As I watch my son play soccer, I think to myself how great it is that he is part of a team.  I watch him and his other 7 to 8 year old buddies communicate with each other on the field and off.  There’s a neat camaraderie and chemistry they have even at this young age.  They can be intensely focused on winning but realize that you win some, you lose some, you get some goals, you totally choke and miss some goals, and you are still a team.  The team skills are something I see him picking up organically because although I know I could try to explain to him the importance of playing certain positions, playing to your strengths, working with others on a team, etc. he would never really get it unless he experienced it.  He doesn’t know that he’s already learning valuable life lessons on the field and when he hangs out with those same buddies off the field.  Right now their team seems to work really well together and they win most of their games, which is good because they enjoy it and it motivates them to continue.  I think those people who played team sports growing up or were in groups like the military have an advantage when starting businesses or working on teams that are creating innovative products because working with other people can be the most enjoyable and yet sometimes the most emotionally draining experience you can have.  Knowing how to ride the waves of your own and others humanity can be the difference between success and failure in an endeavor or a work place.

My daughter seems to prefer swimming which is a more individual sport but if she gets good enough, she might want to join a swim team.  I played team sports at various times during my elementary/junior high school years (track, bowling, basketball) and then later in junior high and college I rode horses competitively as part of a team.  I also participated in some college intramural sports and company sports teams…mostly softball, but I wish I had done more.  I don’t really remember most of the people on those teams, but I do remember a few that made strong impressions on me based on their personalities and talents.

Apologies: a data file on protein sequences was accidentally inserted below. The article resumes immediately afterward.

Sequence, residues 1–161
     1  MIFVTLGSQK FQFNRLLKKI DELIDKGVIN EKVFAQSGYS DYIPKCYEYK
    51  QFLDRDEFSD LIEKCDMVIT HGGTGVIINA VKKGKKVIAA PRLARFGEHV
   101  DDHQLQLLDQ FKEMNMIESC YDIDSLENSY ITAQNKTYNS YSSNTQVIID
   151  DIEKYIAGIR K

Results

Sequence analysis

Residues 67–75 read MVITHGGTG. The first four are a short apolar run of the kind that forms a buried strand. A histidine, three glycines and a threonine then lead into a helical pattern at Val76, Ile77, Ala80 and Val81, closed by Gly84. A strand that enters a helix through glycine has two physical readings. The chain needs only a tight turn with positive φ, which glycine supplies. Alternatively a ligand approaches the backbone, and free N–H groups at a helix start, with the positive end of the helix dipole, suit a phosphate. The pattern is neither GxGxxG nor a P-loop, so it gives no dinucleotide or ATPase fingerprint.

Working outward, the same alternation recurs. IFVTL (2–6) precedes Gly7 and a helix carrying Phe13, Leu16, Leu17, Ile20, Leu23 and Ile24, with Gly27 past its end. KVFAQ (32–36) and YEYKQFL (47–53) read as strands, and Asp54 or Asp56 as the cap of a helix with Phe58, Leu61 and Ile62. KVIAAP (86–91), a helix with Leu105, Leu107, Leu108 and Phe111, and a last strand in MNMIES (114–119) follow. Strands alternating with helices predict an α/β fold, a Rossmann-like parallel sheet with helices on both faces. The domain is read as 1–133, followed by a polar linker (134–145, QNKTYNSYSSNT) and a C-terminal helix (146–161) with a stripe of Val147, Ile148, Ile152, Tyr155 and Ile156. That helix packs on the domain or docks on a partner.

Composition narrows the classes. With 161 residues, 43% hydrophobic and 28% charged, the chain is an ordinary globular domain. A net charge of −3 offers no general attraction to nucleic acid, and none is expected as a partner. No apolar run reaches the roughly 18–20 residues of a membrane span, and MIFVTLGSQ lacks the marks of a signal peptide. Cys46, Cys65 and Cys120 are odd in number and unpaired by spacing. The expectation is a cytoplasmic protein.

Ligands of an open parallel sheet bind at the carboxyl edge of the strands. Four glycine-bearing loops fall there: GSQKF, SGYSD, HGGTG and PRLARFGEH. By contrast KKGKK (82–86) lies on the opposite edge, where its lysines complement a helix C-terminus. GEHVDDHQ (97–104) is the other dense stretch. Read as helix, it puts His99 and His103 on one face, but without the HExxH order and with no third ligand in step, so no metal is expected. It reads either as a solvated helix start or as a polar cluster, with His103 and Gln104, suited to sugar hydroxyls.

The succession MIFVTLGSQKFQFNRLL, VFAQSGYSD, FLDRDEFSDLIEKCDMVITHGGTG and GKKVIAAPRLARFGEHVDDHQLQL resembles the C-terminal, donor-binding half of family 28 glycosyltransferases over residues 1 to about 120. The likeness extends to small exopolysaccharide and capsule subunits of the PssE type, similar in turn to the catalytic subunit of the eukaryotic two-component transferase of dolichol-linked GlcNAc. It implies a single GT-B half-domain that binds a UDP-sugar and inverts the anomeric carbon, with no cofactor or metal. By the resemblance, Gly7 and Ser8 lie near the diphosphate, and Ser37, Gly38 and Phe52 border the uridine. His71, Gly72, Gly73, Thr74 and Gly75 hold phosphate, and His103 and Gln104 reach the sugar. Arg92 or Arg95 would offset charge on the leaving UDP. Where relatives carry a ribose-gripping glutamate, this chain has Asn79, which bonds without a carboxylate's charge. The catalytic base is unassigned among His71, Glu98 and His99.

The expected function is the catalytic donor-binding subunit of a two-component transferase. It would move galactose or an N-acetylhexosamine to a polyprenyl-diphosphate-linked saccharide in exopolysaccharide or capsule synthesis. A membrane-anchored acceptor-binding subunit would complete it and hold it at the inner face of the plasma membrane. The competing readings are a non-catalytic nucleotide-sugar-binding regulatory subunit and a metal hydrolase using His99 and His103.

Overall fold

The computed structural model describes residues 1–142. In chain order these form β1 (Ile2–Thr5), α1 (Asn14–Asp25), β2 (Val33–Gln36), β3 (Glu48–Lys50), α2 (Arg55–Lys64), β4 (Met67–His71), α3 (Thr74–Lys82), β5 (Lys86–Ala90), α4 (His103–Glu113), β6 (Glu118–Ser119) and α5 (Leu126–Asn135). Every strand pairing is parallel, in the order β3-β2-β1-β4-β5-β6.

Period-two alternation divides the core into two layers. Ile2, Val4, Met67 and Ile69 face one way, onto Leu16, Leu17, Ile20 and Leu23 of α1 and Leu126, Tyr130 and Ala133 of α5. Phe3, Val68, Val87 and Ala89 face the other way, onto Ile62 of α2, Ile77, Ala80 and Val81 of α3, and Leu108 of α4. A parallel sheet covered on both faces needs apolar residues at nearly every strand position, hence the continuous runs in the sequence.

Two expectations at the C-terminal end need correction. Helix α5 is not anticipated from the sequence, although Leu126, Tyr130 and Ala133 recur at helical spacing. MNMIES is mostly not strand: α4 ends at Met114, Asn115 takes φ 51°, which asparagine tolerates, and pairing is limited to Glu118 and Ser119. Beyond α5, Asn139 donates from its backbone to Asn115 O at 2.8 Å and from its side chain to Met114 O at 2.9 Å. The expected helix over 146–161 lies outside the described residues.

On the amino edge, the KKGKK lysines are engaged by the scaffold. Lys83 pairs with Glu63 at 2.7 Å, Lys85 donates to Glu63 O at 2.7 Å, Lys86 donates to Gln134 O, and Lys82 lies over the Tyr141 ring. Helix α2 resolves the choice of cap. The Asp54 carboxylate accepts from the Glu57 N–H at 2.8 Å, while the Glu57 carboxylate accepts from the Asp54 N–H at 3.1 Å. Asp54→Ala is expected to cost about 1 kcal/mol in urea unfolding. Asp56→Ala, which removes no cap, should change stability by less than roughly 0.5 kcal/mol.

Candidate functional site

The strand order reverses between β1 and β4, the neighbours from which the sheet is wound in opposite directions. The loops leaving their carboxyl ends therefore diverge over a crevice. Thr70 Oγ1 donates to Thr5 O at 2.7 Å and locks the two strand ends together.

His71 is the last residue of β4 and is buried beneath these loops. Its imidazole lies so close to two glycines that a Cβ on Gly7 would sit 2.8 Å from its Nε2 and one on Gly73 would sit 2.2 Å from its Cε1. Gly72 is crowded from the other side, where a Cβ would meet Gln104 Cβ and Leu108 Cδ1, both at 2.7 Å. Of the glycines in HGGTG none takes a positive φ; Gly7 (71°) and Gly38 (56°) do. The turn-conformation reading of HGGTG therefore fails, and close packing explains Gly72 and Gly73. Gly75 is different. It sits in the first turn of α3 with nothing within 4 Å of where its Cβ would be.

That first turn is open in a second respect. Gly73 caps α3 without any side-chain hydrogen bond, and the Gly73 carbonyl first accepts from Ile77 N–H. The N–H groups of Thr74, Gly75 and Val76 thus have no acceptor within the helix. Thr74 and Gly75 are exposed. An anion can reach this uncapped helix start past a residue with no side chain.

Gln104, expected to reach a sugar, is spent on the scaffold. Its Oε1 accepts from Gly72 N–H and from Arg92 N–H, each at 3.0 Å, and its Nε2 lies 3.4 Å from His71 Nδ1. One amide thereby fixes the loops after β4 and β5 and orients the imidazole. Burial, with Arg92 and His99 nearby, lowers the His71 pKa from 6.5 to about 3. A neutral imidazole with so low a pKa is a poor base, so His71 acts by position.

As the saying goes:  “There is no “I” in Team.”  Even investors in the high tech entrepreneurial world will say they would rather invest in an A Team with a B idea than a B Team with an A idea because the A Team has a better chance of navigating changes that inevitably get thrust upon them.

Author: | Filed under: competition, entrepreneur, parenting | Tags: , , , | 5 Comments »

Small Businesses – Unite (and win up to $30K)!
Mar 24 2009

intuit_logo_color

The following is a guest post written by Rachel Euretig, PR Manager at Intuit (makers of Quicken, Quickbooks etc.).  Intuit first approached me to write something about a new campaign they were launching to help small business get a piece of the stimulus pie.  I responded by saying, what a great idea but I’m so strapped for time that I’d welcome a guest post instead and here it is…

Rachel Euretig is a public relations manager at Intuit Inc., a leading provider of business and financial management solutions for small and mid-sized businesses, financial institutions, consumers and accounting professionals. She is responsible for the company’s best-selling QuickBooks small business products and services. Rachel joined Intuit from LEWIS PR, a global technology agency headquartered in London, where she was an account director in the San Francisco office. She holds a B.A. from the University of California, Berkeley.

Eco-friendly tees that inspire positivity with simple words such as: BREATHE DEEPLY and TODAY MATTERS. A chiropractor’s office that instituted an “honor box” system, allowing patients to pay what they can. A former Marine who survived the 9-11 attacks and then went on to fulfill his childhood dream of starting a fishing rod business. These are just three of the amazing stories you’ll find at www.smallbusinessunited.com.

We at Intuit recently launched an initiative called Small Business United in order to give entrepreneurs a much-needed boost in this tough economic climate. The campaign features a stimulus package aimed at helping America’s small businesses save money, get more customers and save time, by offering:

  • Free software and services from Intuit valued at nearly $1,000 per small business to help them succeed.
  • $315,000 in small business grants.
  • $50,000 in donations to organizations that help budding entrepreneurs get started and advise existing businesses looking to grow.

How can you get involved? Well, first, check out the free software and services to see if there’s anything that can help your business.